On November 9, 1952, Chain Weizmann, the first president of Israel and one of the state’s co-founders along with David Ben Gurion, died. Weizmann had been in poor health when elected president in May 1948 and inaugurated on February 16, 1949, according to Knesset history. As such he was unable to actively craft policies and carry out the ceremonial state duties.
After his death, the Israel government, led by David Ben-Gurion, decided to offer the post of presidency to the 73-year-old renowned scientist Albert Einstein who resided in Princeton, New Jersey, USA. Abba Eban, then Israel ambassador to Washington and the state’s UN representative, wrote a letter to Einstein detailing Ben-Gurion's request for the scientist to accept the post of the presidency, subject to a vote by the Knesset.
The Offer Letter
The letter dated November 17, 1952, and today published in the Jewish Virtual Library, was delivered to Einstein by David Goiten who was Israel’s minister, at the embassy in Washington. In the letter, Einstein was required to move to Israel and take up citizenship. The Prime Minister also assured Einstein a facility, government support, staff, and freedom to continue his scientific research within Israel.
In the letter, Eban also stressed the high esteem Israel had for its esteemed scientist son, and the international symbolic importance of Einstein becoming Israel’s second president. The letter also stressed the ambition the Israel government had of the state rising to the level of greatness in spiritual and intellectual Jewish traditions, by tapping its best minds like Einstein. It also extolled the late president’s virtue of envisioning Israel’s destiny as great.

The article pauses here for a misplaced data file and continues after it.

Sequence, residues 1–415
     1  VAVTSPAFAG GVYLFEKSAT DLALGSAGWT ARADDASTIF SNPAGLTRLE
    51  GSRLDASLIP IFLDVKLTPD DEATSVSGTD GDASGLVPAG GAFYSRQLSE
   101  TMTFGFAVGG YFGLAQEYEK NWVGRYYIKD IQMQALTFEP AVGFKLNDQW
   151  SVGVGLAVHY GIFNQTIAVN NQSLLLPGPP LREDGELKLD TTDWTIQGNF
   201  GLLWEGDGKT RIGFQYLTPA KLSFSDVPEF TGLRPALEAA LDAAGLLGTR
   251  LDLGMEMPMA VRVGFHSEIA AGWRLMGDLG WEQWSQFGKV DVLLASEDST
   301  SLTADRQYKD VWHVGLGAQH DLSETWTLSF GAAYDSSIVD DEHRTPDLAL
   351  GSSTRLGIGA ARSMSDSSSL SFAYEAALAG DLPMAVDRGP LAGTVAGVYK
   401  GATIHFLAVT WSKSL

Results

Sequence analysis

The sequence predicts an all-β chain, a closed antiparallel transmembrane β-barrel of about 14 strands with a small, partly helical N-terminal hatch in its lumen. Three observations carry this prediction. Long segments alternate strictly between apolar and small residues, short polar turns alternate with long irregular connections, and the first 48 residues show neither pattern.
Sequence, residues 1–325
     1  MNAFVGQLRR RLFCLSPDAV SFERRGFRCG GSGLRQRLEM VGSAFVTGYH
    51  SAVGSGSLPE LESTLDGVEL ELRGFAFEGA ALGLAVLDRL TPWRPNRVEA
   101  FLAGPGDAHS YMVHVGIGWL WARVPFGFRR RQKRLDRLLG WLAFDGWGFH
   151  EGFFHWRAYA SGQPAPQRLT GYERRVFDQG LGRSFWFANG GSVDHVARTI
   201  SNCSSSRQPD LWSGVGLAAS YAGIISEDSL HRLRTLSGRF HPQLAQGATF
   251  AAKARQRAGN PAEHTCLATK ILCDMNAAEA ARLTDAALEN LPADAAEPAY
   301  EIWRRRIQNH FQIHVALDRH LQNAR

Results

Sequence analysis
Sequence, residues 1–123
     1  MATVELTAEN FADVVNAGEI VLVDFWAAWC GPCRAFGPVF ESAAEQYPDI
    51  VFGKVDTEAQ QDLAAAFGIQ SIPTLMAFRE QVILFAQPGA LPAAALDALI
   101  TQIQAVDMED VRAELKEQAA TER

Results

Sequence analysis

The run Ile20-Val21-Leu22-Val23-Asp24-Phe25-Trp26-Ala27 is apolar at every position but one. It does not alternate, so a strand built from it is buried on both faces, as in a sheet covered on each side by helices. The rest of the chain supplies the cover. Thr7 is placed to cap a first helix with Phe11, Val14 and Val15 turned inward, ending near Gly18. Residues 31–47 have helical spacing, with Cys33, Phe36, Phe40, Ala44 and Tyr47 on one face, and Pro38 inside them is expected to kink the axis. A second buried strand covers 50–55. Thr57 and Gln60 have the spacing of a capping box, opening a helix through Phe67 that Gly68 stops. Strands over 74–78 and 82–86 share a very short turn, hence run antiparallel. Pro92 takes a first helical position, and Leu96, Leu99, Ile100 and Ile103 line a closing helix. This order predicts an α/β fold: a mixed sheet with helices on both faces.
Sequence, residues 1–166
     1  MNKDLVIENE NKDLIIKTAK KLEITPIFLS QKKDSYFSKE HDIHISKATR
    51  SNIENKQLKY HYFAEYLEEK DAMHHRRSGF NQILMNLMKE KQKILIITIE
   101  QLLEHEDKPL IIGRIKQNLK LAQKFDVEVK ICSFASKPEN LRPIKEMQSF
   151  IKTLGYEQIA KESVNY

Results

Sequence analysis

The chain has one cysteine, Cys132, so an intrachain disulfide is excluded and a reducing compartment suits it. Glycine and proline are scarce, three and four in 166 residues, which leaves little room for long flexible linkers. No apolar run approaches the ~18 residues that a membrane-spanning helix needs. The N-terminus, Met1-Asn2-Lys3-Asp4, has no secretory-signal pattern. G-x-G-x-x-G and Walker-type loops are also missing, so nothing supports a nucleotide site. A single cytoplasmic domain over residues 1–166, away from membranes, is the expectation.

Declining The Offer
By the time the letter got to Einstein on the evening of November 17, 1952, the New York Times had informed him of the presidential offer from Ben Gurion. He had also received phone calls from people who wanted to find out if he would take up the offer. Though excited by the offer, he declined it cordially, when he phoned Eban at his Washington office. Eban nonetheless asked Einstein to provide a written statement declining the offer.
The following morning, Einstein wrote a letter expressing his sadness and shame for declining the offer of Israel presidency. He also cited his lack of natural skills and experience at dealing with people, and to exercise official functions. Even so, in the letter, he hoped a man suitable for the presidential role would be found.
The letter was delivered to Eban by an Israeli official who collected it from Einstein's home. After Einstein declined, Yitzhak Ben Zvi, a Zionist leader, and historian was elected the second president the Israel, in 1952 and reelected in 1957, and 1962. Ben Zvi, died in office on April 23, 1963, and became the longest serving Israel president, in history.
Your MLA Citation
Your APA Citation
Your Chicago Citation
Your Harvard CitationRemember to italicize the title of this article in your Harvard citation.